The Mensheviks opposed War Communism and in 1919 suggested an alternative programme.[14] During World War I, some anti-war Mensheviks had formed a group called Menshevik-Internationalists. They were active around the newspaper Novaya Zhizn and took part in the Mezhraiontsy formation. After July 1917 events in Russia, they broke with the Menshevik majority that supported continued war with Germany. The Mensheviks-Internationalists became the hub of the Russian Social Democratic Workers' Party (of Internationalists). Starting in 1920, right-wing Mensheviks-Internationalists emigrated, some of them pursuing anti-Bolshevik activities.[15]

The Democratic Republic of Georgia was a stronghold of the Mensheviks. In parliamentary elections held on 14 February 1919, they won 81.5% of the votes and the Menshevik leader Noe Zhordania became Prime Minister. Prominent members of Georgian Menshevik Party were Noe Ramishvili, Evgeni Gegechkori, Akaki Chkhenkeli, Nikolay Chkheidze and Alexandre Lomtatidze. After the occupation of Georgia by the Bolsheviks in 1921, many Georgian Mensheviks led by Zhordania fled to Leuville-sur-Orge, France, where they set up the Government of the Democratic Republic of Georgia in Exile. In 1930, Ramishvili was assassinated by a Soviet spy in Paris.

Menshevism was finally made illegal after the Kronstadt uprising of 1921. A number of prominent Mensheviks emigrated thereafter. Martov went to Germany, where he established the paper Socialist Messenger. He died in 1923.

In 1931, the Menshevik Trial was conducted by Stalin, an early part of the Great Purge.

The Messenger moved with the Menshevik center from Berlin to Paris in 1933 and then in 1939 to New York City, where it was published until 1965.[16]

See also

References

  1. ^ The Great Events of the Great War: A.D. 1917. By Charles Francis Horne. National Alumni [printed by J.J Little & Ives Company, 1920. p328
  2. ^ Lenin. By Mark Aleksandrovich Aldanov. E. P. Dutton, 1922. p10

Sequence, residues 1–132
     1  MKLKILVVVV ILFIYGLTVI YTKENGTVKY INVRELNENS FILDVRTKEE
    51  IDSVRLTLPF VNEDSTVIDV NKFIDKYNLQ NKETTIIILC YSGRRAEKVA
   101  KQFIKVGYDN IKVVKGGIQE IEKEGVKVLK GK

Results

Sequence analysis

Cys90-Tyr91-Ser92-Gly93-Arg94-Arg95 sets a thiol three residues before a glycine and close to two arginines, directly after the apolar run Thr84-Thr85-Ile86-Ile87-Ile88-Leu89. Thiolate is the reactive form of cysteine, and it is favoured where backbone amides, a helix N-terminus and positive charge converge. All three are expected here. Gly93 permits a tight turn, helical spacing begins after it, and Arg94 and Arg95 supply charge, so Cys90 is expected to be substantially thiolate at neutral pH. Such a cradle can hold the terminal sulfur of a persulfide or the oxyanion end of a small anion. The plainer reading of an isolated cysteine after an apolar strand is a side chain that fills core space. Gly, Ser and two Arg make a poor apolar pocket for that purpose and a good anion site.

3. ^ The Mensheviks After October. By Vladimir N. Brovkin. Cornell University Press, 1991
  4. ^ The Mensheviks in the Revolution of 1917. By John D. Basil. Slavica Publishers, 1983.
  5. ^ The trial of the Mensheviks: the verdict and sentence passed on the participants in the counter-revolutionary organization of the Mensheviks. By Antonov-Saratovsky, Soviet Union. Prokuratura. Centrizdai, 1931.
  6. ^ Lenin and the Mensheviks: the persecution of socialists under Bolshevism. By Vera Broido. Gower, 1987
  7. ^ The Mensheviks in the Russian Revolution. By Abraham Ascher. Cornell University Press, 1976
  8. ^ Burbank, Jane (1985-01-01). "Waiting for the People's Revolution: Martov and Chernov in Revolutionary Russia 1917-1923". Cahiers du Monde Russe et Soviétique. 26 (3/4): 375–394. doi:10.3406/cmr.1985.2051. JSTOR 20170079.
  9. ^ Smith, S. A. (2002-02-21). The Russian Revolution: A Very Short Introduction. OUP Oxford. p. 17. ISBN 9780191578366.
  10. ^ a b c Lenin, V.I (1903). Second Congress of the League of Russian Revolutionary Social-Democracy Abroad. Moscow. pp. 26–31, 92–103.
  11. ^ Johnpoll, Bernard K. The Politics of Futility; The General Jewish Workers Bund of Poland, 1917-1943. Ithaca, N.Y.: Cornell University Press, 1967. pp. 30-31